Johann Sebastian Bach (March 21, 1685 - July 28, 1750) was the master of Baroque composition who in
his later years held the post of music director in Leipzig,
Germany. Bach's abilities as an organist were highly respected throughout Europe during his lifetime, although he was not widely recognised as a great composer until a revival of interest and performances of his music in the first half of the 19th century. He is now generally regarded as one of the main composers of the Baroque period, and as one of the greatest composers of all time.
For Johann Sebastian Bach, music was a part of his DNA. He came from a family of musicians, stretching back several generations. His father, Johann Ambrosius, worked as the town musician in Eisenach, and it is believed that he taught his son Johann Sebastian to play the violin.
At age of 7, Bach went to school where he received religious instruction and studied Latin and other subjects. His Lutheran faith would influence his later musical works. By the time he turned 10, Bach found himself an orphan after the death of both of his parents. His older brother Johann Christoph, a church organist in Ohrdruf, took him in. Johann Christoph provided some further musical instruction for his younger brother and enrolled him in a local school. Bach stayed with his brother's family until he was 15.
Bach had a beautiful soprano singing voice, which helped him land a place at a school in Lüneburg. Sometime after his arrival, his voice changed and Bach switched to playing the violin and the harpsichord.
Working for the Royalty
in 1708, Bach won the post of organist at the court of the Duke Wilhelm Ernst in Weimar. He wrote many church cantatas and some of his best compositions for the organ while working for the duke. During his time at Weimar, Bach wrote "Toccata and Fugue in D Minor," one of his most popular pieces for the organ. He also composed the cantata "Herz und Mund und Tat," or Heart and Mouth and Deed. One section of this cantata, called "Jesu, Joy of Man's Desiring" in English, has become especially famous.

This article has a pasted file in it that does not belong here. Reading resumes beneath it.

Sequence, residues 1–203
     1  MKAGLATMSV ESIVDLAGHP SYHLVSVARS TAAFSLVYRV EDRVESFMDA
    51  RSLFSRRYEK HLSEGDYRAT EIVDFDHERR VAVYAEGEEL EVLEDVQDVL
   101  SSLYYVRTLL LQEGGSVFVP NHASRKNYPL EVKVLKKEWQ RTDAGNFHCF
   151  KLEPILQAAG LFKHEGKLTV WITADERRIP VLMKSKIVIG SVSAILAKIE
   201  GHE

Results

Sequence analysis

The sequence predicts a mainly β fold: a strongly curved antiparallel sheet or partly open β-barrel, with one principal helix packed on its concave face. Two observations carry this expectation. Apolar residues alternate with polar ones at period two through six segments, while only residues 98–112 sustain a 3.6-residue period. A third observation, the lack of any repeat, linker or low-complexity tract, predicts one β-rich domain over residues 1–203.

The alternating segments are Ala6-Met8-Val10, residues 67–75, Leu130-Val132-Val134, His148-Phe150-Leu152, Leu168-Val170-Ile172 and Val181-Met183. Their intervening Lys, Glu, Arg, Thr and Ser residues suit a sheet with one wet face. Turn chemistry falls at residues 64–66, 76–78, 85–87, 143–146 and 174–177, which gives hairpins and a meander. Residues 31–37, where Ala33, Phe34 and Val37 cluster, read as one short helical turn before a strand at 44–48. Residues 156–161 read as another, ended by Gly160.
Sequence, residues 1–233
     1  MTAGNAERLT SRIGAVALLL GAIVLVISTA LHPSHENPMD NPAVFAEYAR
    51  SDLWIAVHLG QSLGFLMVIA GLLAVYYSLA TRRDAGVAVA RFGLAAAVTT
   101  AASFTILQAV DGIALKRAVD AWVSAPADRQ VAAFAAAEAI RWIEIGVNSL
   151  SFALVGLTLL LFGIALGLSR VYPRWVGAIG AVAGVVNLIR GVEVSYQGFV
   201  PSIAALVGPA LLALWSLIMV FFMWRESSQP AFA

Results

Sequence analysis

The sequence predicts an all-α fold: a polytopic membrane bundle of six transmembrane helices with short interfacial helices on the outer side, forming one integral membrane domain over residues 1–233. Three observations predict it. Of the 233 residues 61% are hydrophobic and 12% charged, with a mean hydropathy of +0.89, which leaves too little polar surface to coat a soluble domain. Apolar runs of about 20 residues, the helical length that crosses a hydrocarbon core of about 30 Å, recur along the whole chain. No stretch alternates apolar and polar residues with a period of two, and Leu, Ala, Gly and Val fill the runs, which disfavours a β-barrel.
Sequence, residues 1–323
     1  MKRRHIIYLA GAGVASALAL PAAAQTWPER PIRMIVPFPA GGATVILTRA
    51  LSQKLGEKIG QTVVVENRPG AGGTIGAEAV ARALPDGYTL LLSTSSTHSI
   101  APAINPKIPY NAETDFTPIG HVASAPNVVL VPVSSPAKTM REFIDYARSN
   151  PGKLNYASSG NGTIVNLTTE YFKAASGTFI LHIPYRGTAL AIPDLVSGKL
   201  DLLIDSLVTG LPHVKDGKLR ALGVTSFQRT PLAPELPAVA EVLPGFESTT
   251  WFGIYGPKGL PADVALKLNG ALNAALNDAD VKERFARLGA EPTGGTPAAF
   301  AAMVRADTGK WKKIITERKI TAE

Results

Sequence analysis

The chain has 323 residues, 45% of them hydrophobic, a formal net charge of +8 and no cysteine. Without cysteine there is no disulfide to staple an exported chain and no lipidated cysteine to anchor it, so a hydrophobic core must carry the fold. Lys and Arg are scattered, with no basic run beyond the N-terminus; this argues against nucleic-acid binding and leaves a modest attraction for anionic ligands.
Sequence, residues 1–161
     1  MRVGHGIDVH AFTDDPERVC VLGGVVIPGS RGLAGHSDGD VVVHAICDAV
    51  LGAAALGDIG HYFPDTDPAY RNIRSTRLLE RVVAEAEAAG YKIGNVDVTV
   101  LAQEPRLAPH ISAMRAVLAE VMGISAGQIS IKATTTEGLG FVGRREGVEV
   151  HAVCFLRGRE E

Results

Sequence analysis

Leopold, Prince of Anhalt-Köthen hired Bach to serve as his Kapellmeister (director of music) in 1717. Prince Leopold, himself a musician, appreciated Bach's talents, paid him well, and gave him considerable latitude in composing and performing. The prince was Calvinist and did not use elaborate music in his worship; accordingly, most of Bach's work from this period was secular, including the Orchestral Suites, the Six Suites for Unaccompanied Cello, the Sonatas and Partitas for Solo Violin, and the Brandenburg Concertos. Bach also composed secular cantatas for the court such as the Die Zeit, die Tag und Jahre macht, BWV 134a.
Despite being born in the same year and only about 80 miles apart, Bach and Handel never met. In 1719 Bach made the 20 mile journey from Köthen to Halle with the intention of meeting Handel, however Handel had recently departed the city. In 1730, Bach's son Friedmann travelled to Halle to invite Handel to visit the Bach family in Leipzig, however the visit did not eventuate.
On 7 July 1720, while Bach was abroad with Prince Leopold, Bach's first wife suddenly died. The following year, he met Anna Magdalena Wilcke, a young, highly gifted soprano 17 years younger than he was who performed at the court in Köthen; they married on 3 December 1721. Together they had 13 more children, six of whom survived into adulthood: Gottfried Heinrich, Johann Christoph Friedrich, and Johann Christian, all of whom became significant musicians; Elisabeth Juliane Friederica (1726–81), who married Bach's pupil Johann Christoph Altnikol; Johanna Carolina (1737–81); and Regina Susanna (1742–1809).